Monday, September 3, 2012

To be a Mary, not a Martha

One of my favorite people to work with this summer was a man named Jordan. Jordan has a kind of mental handicap and yet is one of the most intelligent people I know.  He loves to talk to you about different saints and theology but his favorite thing to do was talk about video games.  And he loves to dance.  This man is awesome.  And during our first session of camp, he humbled me maybe more than anyone ever has in my life.  Here's the story.

The first session of camp I was going it alone. Tony had taken the kids to visit family in Texas while he was helping with the junior high convention for the Fort Worth diocese.  Generally, this made transitioning to camp life easier.  I was overwhelmed having never been to camp before. Ever. I had no idea how a sleep away camp functioned or what was expected of staff in general and a craft specialist specifically.  I kept myself busy as much as I could.  At night, though, I was alone in my ranchero.  I have a hard time sleeping when Tony is away, but this was the first time to be away from my whole family for so long.  I stayed up most nights rearranging the room, researching new crafts, Facebook stalking... you know, the normal insomniac time wasters. I would finally collapse in my bed about an hour or two before it was time to wake up and start all over.  By the end of the week, I was slowly becoming an emotional wreck.

Our beautiful little camp chapel.
Fridays are mass day for the camp.  I was lucky enough to be a Eucharistic Minister for this first week.  Being the first session, though, we had to improvise on a few things.  Our chapel is beautiful, but small.  With an occupancy of only 155, having a mass with 180 campers plus staff was not going to be possible in the chapel.  Instead, we held it in the main lodge, Thunderbird.  After communion, I was tasked with taking the remaining Eucharist to the tabernacle in the chapel.  Amanda, one of the assistant directors, came to help. Well, we quickly realized that the tabernacle was too small to fit the purificator covered paten we were having to use instead of a ciborium.  I told you we were improvising. (For those of you unfamiliar with the names of the items used in a Catholic mass, it was basically a large plate covered in a fabric napkin instead of the normal container used to hold the Eucharist). I told Amanda to head back to T-bird to ask the priest what we should do and that I would stay and spend some time with my Savior in an improvised adoration.  We placed the paten on the altar, lit the candle next to the tabernacle and I took my place kneeling before the altar.

As I knelt and started praying, I started to cry.  I was tired, alone and missing my family.  I felt like I was doing a terrible job. I was seriously considering whether or not I would continue on in my role after all of this.  Praying helped ease some of my turmoil, but did not put me completely at ease.  After some time had passed and my 30+ year old knees started to give way, I grabbed a chair and sat to continue to pray.  Only now I was having a hard time focusing.  Where the poo was Amanda?  How long am I going to have to sit here?  I have so much to do.  Better things. More productive things. All of this is running through my head.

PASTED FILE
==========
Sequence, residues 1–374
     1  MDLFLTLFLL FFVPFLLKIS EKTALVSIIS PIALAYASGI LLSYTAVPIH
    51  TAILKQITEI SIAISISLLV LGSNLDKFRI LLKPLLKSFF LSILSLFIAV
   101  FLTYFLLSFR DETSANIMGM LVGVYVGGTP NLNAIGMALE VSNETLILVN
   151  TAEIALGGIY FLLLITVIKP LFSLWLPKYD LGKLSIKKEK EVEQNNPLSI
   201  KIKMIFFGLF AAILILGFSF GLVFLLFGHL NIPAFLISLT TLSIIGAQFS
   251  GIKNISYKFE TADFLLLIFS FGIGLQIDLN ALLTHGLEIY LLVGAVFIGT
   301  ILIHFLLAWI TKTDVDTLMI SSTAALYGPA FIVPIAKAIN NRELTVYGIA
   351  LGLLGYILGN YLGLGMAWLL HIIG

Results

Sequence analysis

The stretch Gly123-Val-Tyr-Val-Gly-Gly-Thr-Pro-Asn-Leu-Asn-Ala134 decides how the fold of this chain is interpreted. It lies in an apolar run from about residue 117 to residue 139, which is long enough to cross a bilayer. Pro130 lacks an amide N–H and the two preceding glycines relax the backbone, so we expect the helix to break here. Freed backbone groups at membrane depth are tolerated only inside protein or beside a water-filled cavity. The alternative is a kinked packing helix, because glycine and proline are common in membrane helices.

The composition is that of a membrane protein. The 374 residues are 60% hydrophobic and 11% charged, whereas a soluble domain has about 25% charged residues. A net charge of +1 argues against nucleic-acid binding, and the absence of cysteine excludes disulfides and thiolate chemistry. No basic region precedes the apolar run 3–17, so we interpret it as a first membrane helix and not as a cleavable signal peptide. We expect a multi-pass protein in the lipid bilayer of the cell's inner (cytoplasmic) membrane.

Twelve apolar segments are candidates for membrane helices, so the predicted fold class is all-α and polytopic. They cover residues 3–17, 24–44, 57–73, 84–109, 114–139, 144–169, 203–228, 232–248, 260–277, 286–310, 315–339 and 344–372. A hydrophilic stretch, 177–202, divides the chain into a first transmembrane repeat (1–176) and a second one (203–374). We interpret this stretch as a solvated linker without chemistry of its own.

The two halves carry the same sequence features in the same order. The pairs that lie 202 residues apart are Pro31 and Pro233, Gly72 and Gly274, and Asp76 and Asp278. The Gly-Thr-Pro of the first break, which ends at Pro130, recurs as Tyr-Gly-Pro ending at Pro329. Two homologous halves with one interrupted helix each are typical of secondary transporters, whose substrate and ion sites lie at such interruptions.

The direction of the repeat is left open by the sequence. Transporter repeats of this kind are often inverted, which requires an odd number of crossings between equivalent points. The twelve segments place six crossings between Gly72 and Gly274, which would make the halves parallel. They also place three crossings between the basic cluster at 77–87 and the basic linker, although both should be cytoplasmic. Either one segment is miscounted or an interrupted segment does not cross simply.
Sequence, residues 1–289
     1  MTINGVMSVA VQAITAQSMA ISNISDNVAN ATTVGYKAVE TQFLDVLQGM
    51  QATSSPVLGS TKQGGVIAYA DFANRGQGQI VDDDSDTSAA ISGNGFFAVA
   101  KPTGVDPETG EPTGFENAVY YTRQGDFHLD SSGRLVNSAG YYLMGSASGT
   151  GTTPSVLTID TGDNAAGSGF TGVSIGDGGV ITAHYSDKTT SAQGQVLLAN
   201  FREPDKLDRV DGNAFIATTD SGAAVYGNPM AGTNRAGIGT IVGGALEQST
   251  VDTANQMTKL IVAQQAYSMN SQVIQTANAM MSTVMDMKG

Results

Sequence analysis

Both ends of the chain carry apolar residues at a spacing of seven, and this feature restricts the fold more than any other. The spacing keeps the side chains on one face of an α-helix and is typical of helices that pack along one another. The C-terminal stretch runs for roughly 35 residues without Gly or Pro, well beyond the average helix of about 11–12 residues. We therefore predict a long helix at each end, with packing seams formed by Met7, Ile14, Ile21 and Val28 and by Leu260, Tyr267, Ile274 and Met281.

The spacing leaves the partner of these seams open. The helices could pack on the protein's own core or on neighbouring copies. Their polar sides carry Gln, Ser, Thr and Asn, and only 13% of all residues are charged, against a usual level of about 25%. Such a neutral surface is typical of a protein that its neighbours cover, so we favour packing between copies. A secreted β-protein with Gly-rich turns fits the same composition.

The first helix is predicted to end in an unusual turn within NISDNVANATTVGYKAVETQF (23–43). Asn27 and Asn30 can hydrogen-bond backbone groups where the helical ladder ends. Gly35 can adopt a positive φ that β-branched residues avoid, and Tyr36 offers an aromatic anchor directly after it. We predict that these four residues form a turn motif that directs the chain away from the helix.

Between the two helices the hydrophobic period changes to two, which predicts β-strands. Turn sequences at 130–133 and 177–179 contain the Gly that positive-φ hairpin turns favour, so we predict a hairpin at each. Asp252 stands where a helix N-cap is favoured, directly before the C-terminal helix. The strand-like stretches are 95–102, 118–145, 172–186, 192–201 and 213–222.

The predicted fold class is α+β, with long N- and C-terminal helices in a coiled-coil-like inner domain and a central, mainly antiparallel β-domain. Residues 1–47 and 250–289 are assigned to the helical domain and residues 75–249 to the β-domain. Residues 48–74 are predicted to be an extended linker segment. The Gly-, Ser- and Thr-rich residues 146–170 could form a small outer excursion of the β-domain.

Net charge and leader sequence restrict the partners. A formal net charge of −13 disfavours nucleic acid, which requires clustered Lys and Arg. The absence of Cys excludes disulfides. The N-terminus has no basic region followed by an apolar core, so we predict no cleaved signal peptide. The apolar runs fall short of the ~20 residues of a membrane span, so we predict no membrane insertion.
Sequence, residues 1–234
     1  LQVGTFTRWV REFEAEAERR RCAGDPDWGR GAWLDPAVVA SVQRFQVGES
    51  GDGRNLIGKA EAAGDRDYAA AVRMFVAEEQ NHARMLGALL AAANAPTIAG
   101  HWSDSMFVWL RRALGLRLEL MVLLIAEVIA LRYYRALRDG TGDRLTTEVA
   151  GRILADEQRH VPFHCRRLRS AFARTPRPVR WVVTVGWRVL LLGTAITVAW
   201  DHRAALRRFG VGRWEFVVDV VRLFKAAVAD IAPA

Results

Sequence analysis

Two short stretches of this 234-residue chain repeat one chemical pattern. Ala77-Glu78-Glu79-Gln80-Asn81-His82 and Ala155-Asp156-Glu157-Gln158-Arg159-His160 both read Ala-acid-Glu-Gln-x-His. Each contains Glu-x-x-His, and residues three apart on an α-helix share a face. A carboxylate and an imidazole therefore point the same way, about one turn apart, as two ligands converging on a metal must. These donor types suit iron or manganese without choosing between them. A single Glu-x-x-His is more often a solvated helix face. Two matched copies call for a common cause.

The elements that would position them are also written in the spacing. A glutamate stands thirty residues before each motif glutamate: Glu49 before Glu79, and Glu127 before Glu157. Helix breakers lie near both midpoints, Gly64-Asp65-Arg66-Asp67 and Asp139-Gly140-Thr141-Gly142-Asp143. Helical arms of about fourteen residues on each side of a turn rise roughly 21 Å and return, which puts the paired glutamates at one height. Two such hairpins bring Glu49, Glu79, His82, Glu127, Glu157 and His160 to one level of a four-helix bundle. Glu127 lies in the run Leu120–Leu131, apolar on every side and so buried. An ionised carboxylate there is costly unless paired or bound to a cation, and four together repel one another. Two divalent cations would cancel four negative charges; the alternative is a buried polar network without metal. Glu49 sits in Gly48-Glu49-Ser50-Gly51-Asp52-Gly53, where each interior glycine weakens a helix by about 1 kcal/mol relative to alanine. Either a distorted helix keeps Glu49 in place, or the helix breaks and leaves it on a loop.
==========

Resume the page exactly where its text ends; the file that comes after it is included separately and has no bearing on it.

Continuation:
Then, I hear the doors in the back open and in bursts Jordan.  "IS JESUS IN HERE?" I was a little taken aback.  "Um, yes, Jordan. He is," I answer, with maybe a little confusion in my voice.

Jordan came running to the front of the chapel. (Well, I guess more skipping than running. Leaping, maybe? Jordan kinda skip/leap/runs when he is excited.)

"Is that him there on the altar? Under the napkin?" I stifled a laugh. "Yes, it is," I answered. He gasped and did a little jump. He was leaping for joy.

"I was just spending a little time with Him in prayer.  Would you like to join me?"

And this is where I lost control of everything.  Jordan fell to his knees.  He prostrated himself in front of the altar.  Here I was, thinking of all the other things I could be doing.  These much better ways to be spending my time.  I had forgotten that I was in the presence of Jesus.  I broke.  Tears now streamed down my cheeks.  I looked at this man and I was put in my place.

Jesus was saying to me "Slow down.  I have things under control.  Take a minute and talk with me.  Better yet, listen to me. Why are you worrying about all this?"
As they continued their journey he entered a village where a woman whose name was Martha welcomed him.  She had a sister named Mary who sat beside the Lord at his feet listening to him speak. Martha, burdened with much serving, came to him and said, "Lord, do you not care that my sister has left me by myself to do the serving?  Tell her to help me."  The Lord said to her in reply, "Martha, Martha, you are anxious and worried about many things. There is need of only one thing.  Mary has chosen the better part and it will not be taken from her."  Luke 38-42
I am Martha all too often in my life.  Heck, I am Martha, period.  I fret and worry about everything. There is always something that needs my attention, and I'm ashamed to say it, but it isn't God.  I go through my days with maybe a quick "Give me patience, Lord" or "Bless so and so, God" but I rarely take the time to just sit and listen.

I was struck by how much joy Jordan had to merely be in His presence. He got it. Like Mary, he was ready to take time out and just be with Jesus. It is so hard to turn off the chatter in my head, but I am trying. I desire to have that joy and peace that Jordan had in our little camp chapel. I am working at it a little more each day.  A stolen minute here, a couple more there, just to listen.  I may never turn into a Mary, but this Martha will never stop trying.


  1. This gave me chills upon chills. What a great reminder. Thanks for sharing, Tricia.